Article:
Pick through the beans and remove any foreign matter. Rinse with cold water. Place the beans in a large bowl, cover with 6 cups of water and refrigerate overnight.
Drain the beans and rinse. Place the beans in a pot with 4 cups of water, 1 tablespoon olive oil, carrot, onion and celery. Bring to a boil and then reduce to a simmer. Cover and cook for 1 hour or until the beans are tender. Season with 1 teaspoon kosher salt, then allow the beans to cool in the liquid. Once cool, remove and discard the carrot, onion and celery.
In a large pot set over medium heat, add bacon and remaining olive oil. Cook until bacon is golden brown. Add the red onion and cook for 5 minutes, stirring occasionally. Add the garlic and cook for 2 minutes more. Add the tomato purée, brown sugar, dry mustard and Tabasco sauce. Next, add the reserved beans, 2 cups of the bean-cooking liquid, 2 teaspoons kosher salt and cook for 30 minutes at a low simmer. The beans can be refrigerated for up to one week. Serves 8.
Katie Jackson’s Grilled Pepper & Tomato Salad
Courtesy Jackson Family culinary team
5 bell peppers, poblanos, serranos, jalapeños and Anaheim peppers, 1 of each
12 Roma tomatoes
3 garlic cloves, chopped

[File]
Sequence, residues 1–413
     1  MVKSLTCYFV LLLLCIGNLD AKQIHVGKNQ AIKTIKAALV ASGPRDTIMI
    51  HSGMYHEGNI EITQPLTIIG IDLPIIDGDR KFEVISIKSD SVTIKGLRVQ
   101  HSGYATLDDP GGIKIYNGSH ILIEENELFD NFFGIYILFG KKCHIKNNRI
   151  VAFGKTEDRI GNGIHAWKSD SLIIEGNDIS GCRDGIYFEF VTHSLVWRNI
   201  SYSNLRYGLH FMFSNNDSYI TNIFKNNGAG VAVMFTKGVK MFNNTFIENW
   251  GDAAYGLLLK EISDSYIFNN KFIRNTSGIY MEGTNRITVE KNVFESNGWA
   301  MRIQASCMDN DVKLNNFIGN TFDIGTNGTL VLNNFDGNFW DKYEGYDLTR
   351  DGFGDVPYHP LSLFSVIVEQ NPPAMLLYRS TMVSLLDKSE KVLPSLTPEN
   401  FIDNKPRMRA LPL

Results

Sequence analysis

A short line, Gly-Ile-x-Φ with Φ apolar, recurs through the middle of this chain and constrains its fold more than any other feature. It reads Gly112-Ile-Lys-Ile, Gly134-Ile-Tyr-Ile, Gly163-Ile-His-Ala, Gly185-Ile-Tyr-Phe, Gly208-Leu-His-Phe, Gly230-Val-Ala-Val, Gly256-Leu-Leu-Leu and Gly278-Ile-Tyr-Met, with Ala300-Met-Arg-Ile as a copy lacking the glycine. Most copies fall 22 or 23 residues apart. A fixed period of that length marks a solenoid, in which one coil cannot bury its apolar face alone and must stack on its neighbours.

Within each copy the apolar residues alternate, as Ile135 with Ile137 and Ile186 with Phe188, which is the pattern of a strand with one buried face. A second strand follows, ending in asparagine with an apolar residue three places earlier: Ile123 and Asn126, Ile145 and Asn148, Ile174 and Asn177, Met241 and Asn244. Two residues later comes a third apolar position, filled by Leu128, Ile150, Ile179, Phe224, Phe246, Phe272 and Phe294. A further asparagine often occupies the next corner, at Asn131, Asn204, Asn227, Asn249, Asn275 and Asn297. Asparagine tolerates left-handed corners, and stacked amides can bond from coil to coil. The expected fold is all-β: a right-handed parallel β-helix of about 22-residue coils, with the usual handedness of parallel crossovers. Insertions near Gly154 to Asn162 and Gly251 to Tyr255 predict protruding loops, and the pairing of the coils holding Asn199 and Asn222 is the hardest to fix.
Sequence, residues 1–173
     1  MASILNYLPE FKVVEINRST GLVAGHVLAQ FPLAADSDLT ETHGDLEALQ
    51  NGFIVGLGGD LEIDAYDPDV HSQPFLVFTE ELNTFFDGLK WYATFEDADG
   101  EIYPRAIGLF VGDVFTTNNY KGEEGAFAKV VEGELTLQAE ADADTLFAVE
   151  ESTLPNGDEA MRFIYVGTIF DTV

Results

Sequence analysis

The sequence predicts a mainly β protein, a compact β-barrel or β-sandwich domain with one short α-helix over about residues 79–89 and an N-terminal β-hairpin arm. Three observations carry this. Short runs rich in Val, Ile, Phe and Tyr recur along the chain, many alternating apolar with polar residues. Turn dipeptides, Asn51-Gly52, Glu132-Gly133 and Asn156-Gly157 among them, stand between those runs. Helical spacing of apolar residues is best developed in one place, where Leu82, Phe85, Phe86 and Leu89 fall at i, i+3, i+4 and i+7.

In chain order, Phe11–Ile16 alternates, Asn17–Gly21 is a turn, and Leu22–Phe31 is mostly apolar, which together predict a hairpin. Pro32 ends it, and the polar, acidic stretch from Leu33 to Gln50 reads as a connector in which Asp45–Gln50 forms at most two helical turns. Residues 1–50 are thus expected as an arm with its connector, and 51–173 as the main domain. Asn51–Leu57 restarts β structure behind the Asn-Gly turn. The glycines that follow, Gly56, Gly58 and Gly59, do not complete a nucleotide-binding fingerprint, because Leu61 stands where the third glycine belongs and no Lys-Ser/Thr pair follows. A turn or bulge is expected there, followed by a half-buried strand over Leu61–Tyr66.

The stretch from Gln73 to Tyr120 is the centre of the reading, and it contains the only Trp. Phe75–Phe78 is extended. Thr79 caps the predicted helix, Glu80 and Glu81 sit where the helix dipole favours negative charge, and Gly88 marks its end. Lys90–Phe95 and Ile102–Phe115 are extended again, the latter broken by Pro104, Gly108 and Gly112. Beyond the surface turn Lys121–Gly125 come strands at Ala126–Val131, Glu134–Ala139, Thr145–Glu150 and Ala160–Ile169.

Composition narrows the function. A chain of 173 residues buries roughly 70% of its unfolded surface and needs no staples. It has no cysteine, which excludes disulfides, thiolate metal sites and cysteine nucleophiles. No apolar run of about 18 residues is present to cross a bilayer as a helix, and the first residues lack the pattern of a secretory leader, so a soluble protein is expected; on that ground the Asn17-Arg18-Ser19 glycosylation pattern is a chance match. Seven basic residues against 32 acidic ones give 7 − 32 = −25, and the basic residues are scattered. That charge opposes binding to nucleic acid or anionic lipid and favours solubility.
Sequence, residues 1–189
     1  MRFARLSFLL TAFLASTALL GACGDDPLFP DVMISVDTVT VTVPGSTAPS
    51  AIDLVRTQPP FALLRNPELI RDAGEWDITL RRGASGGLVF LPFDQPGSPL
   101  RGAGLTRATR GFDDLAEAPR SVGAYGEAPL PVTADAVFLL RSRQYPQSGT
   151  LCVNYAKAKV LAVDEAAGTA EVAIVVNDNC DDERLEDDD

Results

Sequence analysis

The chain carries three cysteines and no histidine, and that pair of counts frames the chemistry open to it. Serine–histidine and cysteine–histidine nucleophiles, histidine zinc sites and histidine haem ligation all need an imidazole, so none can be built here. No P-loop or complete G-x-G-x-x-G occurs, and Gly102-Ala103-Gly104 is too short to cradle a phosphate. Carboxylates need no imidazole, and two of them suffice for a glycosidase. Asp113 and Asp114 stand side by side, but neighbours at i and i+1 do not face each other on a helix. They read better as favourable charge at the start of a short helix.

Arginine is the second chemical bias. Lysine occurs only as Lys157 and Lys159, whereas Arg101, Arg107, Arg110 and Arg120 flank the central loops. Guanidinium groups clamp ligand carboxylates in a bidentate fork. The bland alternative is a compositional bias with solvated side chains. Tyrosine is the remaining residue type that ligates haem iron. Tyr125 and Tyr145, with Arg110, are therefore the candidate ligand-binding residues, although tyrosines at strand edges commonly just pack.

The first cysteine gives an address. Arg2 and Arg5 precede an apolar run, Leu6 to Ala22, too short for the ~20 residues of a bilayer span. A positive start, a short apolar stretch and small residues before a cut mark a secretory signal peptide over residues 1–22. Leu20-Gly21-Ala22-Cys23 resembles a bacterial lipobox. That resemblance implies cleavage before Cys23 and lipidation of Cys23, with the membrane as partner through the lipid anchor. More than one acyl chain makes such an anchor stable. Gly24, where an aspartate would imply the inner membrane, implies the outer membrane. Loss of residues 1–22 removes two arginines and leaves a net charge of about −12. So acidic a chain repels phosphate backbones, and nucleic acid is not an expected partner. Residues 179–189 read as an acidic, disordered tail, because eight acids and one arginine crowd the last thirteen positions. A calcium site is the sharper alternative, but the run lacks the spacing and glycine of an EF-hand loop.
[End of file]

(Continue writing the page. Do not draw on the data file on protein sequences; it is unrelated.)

2 tablespoons kosher salt
½ large onion, chopped
3 tablespoons red wine vinegar
3 tablespoons olive oil
Preheat a grill to 400°F.
Trim the peppers and discard the seeds and membranes. Halve or quarter the peppers, then press them with the back of your hand to flatten. Grill the tomatoes and peppers until the skins blacken and blister all over. Let cool. Once cool, chop the peppers and the tomatoes into large pieces.
Muddle the garlic with salt, and place in a bowl. Add the peppers, tomatoes and onions. Add the red wine vinegar and oil, and mix. Serves 4–6.
Liz & Markus Bokisch
Paella and tapas in Lodi
"We try to keep our parties friendly and casual, and wine is the focus. When friends cover over, they bring a bottle of wine. We start with wine, and when we're cooking we'll have some wine, too."
Liz and Markus Bokisch came to Lodi, California, to be growers after traveling through Markus’s native Spain in a classic Volkswagen bus (which they still have) and falling in love with the wines of Portugal and Spain.